The antigen can move into the body in many ways and causes infection or inflammation anywhere but suddenly attacked by secondary or peripheral lymphoid organs i.e., the spleen, lymph nodes, and mucosal lymphoid tissues.

Lymphocytes are also recirculating in these tissues (spleen, lymph nodes, and mucosal lymphoid tissues) where the antigen is brought from the spot of infection. These antigens are initially present within macrophages and dendritic cells. After the maturation of dendritic cells then these matured dendritic cells will expose antigen to lymphocytes.

Lymph Nodes

These are well-organized structures and their location is at the merging points of blood vessels or the lymphatic system which is a system of vessels for collection of extracellular fluid from tissues and again return it to the bloodstream.


This extracellular fluid which is produced consistently by filtration from the blood is known as lymph. And the vessels are called lymphatic vessels.

Location of spleen

The spleen is a palm-sized organ behind the stomach that gathers antigens from the blood. It also accumulates and destroys old red blood cells. It’s the main spot of disposal of old red blood cells.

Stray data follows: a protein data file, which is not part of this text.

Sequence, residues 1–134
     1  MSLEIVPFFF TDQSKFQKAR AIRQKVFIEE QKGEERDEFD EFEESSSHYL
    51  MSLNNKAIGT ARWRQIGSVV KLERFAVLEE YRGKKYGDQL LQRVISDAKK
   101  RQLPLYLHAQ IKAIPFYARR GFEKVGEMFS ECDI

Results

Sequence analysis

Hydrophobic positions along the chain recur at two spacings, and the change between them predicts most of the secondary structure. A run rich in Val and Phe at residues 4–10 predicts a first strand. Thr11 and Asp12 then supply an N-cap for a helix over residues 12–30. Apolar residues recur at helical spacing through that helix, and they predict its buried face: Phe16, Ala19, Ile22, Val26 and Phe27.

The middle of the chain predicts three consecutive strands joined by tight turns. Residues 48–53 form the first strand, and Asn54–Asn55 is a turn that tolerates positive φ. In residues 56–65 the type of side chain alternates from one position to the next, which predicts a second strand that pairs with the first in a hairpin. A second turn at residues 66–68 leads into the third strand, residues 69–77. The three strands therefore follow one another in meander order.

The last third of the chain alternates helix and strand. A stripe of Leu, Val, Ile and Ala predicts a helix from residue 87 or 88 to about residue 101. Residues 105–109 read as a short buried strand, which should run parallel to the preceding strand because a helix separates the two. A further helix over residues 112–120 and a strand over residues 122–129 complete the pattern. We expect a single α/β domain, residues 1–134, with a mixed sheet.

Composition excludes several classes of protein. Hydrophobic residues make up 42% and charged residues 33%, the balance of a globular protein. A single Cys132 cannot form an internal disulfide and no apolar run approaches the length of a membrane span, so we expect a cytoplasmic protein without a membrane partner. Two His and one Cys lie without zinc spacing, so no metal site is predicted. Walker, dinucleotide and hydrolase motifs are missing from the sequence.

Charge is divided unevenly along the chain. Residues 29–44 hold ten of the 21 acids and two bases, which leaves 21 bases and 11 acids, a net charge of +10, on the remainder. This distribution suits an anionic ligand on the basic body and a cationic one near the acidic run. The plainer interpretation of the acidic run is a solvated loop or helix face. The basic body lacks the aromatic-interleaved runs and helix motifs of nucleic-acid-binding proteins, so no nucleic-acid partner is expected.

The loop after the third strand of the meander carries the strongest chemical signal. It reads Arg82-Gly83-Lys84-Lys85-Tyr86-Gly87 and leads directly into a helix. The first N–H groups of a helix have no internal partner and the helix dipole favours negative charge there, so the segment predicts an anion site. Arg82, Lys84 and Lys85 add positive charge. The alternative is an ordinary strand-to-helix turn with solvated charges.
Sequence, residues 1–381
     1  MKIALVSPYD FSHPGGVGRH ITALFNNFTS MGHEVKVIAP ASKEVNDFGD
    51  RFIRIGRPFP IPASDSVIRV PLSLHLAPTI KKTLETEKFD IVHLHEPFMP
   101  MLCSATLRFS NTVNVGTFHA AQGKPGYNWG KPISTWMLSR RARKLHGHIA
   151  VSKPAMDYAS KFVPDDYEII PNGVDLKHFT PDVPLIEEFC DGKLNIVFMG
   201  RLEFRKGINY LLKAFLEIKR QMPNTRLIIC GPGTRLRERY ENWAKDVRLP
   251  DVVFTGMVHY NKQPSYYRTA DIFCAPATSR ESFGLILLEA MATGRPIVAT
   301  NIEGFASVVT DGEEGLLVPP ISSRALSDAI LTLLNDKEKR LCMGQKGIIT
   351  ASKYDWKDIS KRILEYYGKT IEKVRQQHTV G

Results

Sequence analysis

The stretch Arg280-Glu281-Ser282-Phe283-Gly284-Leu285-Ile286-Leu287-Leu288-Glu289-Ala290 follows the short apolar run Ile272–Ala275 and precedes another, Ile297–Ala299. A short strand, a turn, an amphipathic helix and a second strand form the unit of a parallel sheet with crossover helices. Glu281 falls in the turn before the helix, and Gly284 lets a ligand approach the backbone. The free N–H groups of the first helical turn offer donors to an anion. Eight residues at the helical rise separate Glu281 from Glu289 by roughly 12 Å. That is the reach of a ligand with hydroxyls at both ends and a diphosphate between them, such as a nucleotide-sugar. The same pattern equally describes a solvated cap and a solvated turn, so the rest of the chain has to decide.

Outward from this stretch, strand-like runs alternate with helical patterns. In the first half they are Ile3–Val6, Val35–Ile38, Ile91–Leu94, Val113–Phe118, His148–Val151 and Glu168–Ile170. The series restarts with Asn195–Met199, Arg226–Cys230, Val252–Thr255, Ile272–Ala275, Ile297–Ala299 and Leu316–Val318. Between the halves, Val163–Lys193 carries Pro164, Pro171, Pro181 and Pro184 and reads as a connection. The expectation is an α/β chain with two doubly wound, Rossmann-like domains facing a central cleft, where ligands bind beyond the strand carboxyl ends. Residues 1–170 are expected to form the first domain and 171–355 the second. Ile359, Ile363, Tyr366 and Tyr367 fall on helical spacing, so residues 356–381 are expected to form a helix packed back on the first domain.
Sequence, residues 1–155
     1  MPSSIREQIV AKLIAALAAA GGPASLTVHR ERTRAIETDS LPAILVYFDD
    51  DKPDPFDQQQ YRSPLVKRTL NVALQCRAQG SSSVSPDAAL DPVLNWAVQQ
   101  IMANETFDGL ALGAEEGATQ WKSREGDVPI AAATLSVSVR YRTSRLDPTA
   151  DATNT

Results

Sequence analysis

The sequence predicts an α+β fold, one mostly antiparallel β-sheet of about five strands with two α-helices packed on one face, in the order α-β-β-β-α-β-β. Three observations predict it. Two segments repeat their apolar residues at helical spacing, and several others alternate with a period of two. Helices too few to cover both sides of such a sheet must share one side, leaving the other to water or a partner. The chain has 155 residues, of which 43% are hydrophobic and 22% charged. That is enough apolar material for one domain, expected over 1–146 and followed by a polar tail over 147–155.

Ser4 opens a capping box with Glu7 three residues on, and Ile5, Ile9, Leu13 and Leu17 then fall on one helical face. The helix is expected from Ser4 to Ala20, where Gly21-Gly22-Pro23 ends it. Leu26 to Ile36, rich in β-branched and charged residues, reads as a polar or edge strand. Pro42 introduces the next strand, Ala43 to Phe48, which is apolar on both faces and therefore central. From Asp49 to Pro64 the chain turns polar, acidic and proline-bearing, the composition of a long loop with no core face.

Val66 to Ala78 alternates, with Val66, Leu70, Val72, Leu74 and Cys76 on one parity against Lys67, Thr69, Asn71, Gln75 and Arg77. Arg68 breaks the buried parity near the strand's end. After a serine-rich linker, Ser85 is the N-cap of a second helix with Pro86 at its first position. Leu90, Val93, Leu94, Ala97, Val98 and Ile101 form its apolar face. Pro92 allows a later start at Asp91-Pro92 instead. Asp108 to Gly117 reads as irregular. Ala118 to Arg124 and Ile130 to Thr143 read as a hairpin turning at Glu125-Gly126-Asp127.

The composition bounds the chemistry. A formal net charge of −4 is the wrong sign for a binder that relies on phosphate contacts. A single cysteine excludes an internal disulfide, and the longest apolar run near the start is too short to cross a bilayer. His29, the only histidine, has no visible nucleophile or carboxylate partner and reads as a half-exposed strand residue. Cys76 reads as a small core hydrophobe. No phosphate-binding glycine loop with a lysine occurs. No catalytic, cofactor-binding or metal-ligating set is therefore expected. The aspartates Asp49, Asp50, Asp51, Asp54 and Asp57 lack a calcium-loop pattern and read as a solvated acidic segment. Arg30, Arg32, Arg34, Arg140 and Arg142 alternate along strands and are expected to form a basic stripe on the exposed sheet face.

Despite the different appearance of the lymph nodes, spleen, and mucosal-associated lymphoid tissues all work on the same rule i.e., capturing or trapping antigen from the point of infection and stimulating an adaptive immune response.

The peripheral or secondary lymphoid tissues provide signals to the lymphocytes that do not attack by their particular antigen, so these lymphocytes continue to live and recirculate until they come across their specific antigen.  

This process is necessary to sustain the correct numbers of circulating T and B lymphocytes and make sure that only potential lymphocytes for an antigenic response should survive. Lymphocytes circulate between blood and lymph.

Small B and T lymphocytes that completed their maturation in the bone marrow and thymus but have not still attacked by antigen are known as naïve or natural lymphocytes.